When someone heckled: ‘And Sky (Tv).’ Lord Falconer replied: ‘Yes, and Sky...And ITV...And the BBC (are against Labour).’ The Scottish peer, who is the political boss of the judiciary, was promoted to the post of Lord Chancellor by his close friend Tony Blair, with whom he shared a Wandsworth, south London, flat when they were both young lawyers. Falconer added that Labour would have to fight doubly hard to win the local council elections on May 4 because of the ‘hostility of the nationals (newspapers) who have turned against us’.
Yet, ‘if the Conservatives win, you can forget the minimum wage (for the lowest paid workers), investment in the health service, civil unions (gay marriages) and diversity (equal opportunities policies)’.
Tony Blair has suffered a pounding in the press over the 'cash (to the Labour Party) for peerages' scandal which is being investigated by the police, so serious are the corruption allegations. Falconer wrote the disputed legal advice for the Cabinet that gave Blair the green light to go to war with Iraq. He has also championed an unpopular policy to cut the public's right to jury trial which has been much criticised by civil liberties campaigners.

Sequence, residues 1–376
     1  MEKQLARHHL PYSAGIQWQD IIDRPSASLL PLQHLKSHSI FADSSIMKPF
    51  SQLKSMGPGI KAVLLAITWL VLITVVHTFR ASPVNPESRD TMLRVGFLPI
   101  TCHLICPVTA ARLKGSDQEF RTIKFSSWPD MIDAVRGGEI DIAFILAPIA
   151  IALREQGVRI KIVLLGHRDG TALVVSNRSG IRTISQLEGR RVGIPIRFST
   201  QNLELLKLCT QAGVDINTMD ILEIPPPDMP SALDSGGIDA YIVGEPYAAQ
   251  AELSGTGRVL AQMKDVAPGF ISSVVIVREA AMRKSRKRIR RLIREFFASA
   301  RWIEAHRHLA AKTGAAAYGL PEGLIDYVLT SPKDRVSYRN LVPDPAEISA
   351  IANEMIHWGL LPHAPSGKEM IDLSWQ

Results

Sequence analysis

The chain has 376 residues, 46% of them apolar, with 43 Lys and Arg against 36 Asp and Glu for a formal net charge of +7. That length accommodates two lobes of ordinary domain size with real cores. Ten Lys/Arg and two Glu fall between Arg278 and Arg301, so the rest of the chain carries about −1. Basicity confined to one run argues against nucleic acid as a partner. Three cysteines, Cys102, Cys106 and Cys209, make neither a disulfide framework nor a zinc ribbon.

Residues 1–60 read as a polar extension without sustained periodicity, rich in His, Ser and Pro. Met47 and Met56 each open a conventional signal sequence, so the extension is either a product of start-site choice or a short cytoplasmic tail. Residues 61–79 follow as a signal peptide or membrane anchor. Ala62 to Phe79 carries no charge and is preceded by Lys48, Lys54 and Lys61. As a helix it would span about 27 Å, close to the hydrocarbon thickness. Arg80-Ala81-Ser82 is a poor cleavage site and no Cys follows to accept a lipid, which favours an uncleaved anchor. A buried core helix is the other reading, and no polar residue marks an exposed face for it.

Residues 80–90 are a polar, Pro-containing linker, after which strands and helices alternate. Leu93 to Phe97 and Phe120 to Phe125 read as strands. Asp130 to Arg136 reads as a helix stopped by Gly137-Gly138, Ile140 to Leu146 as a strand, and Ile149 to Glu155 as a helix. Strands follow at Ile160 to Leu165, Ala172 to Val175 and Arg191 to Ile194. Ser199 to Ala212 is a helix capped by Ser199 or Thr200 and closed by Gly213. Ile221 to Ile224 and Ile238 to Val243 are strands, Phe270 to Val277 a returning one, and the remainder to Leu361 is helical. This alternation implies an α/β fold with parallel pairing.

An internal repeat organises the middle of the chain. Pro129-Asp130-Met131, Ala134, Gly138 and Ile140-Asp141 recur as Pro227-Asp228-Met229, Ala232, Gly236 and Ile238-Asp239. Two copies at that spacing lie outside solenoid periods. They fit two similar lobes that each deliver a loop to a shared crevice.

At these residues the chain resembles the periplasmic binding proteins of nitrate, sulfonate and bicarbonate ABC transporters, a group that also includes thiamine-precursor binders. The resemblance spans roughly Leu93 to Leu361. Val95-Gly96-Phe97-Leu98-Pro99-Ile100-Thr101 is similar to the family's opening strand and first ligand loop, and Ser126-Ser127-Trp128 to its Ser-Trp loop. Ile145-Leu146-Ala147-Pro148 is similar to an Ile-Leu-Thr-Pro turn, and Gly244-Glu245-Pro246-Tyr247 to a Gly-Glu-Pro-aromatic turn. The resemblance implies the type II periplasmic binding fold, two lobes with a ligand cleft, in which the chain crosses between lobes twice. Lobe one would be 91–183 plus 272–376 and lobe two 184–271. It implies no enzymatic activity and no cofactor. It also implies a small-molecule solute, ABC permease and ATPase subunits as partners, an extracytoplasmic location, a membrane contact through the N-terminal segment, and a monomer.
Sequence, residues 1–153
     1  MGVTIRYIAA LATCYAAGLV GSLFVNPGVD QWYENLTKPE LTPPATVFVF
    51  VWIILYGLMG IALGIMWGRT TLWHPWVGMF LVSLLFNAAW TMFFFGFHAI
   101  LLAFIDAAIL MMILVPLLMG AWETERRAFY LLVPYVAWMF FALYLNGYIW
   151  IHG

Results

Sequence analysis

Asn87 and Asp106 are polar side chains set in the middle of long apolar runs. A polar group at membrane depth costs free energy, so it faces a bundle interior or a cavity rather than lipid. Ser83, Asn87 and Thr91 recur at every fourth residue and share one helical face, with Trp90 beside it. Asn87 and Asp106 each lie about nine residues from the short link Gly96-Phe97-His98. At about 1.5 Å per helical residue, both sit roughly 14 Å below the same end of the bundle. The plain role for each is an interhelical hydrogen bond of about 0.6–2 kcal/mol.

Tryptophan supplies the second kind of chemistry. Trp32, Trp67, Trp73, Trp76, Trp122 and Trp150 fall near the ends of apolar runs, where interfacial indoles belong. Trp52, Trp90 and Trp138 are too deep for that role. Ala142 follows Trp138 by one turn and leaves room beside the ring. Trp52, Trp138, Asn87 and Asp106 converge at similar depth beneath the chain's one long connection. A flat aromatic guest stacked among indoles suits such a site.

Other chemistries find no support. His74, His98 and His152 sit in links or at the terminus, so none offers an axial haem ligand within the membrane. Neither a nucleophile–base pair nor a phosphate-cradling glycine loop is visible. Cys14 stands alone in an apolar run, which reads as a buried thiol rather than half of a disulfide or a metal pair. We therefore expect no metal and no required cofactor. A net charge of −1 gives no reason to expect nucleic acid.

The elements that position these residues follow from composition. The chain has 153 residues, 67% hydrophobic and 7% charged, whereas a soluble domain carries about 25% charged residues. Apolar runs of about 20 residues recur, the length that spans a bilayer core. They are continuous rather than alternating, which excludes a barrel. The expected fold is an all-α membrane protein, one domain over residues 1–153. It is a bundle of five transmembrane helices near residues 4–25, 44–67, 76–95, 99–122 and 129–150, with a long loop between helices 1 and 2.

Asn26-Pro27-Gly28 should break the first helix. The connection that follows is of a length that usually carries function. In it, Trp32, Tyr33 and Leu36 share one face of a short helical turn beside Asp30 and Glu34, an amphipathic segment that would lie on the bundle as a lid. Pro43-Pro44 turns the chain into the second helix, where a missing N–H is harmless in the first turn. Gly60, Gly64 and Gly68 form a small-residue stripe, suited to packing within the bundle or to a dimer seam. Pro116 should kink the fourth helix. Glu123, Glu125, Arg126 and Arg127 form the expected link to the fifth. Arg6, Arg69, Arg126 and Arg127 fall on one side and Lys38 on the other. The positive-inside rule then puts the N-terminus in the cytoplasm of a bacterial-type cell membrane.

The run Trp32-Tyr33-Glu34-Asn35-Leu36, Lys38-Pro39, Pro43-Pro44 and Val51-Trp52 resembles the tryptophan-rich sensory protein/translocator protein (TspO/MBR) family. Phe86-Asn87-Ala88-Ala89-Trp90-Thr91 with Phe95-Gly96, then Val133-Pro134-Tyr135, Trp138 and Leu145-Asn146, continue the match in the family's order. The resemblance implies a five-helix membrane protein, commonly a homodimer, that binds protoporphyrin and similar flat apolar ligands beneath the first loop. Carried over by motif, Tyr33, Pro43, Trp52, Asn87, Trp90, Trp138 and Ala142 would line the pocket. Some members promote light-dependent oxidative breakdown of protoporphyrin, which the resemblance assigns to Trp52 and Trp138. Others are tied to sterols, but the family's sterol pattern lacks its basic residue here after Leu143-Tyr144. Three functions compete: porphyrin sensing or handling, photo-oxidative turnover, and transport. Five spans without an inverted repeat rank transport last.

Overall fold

Like his predecessor as Lord Chancellor, Lord 'Derry' Irvine, Falconer has never been elected by voters and was promoted to the House of Lords, Britain's controversial second parliamentary chamber, soon after Labour came to power in 1997 because Mr Blair wanted him in government.
His deputy, Harriet Harman MP, the Minister for Constitutional Affairs, who introduced the Lord Chancellor at the meeting on her home turf, launched a broadside at voters. She said: ‘I love representing Camberwell and Peckham in parliament. But, if the people here don’t vote Labour on May 4, I will hate them.’ Southwark Council, her local borough, is currently run by the Lib-Dems with Conservative support and Labour are quietly confident of winning back control of the town hall they lost four years ago.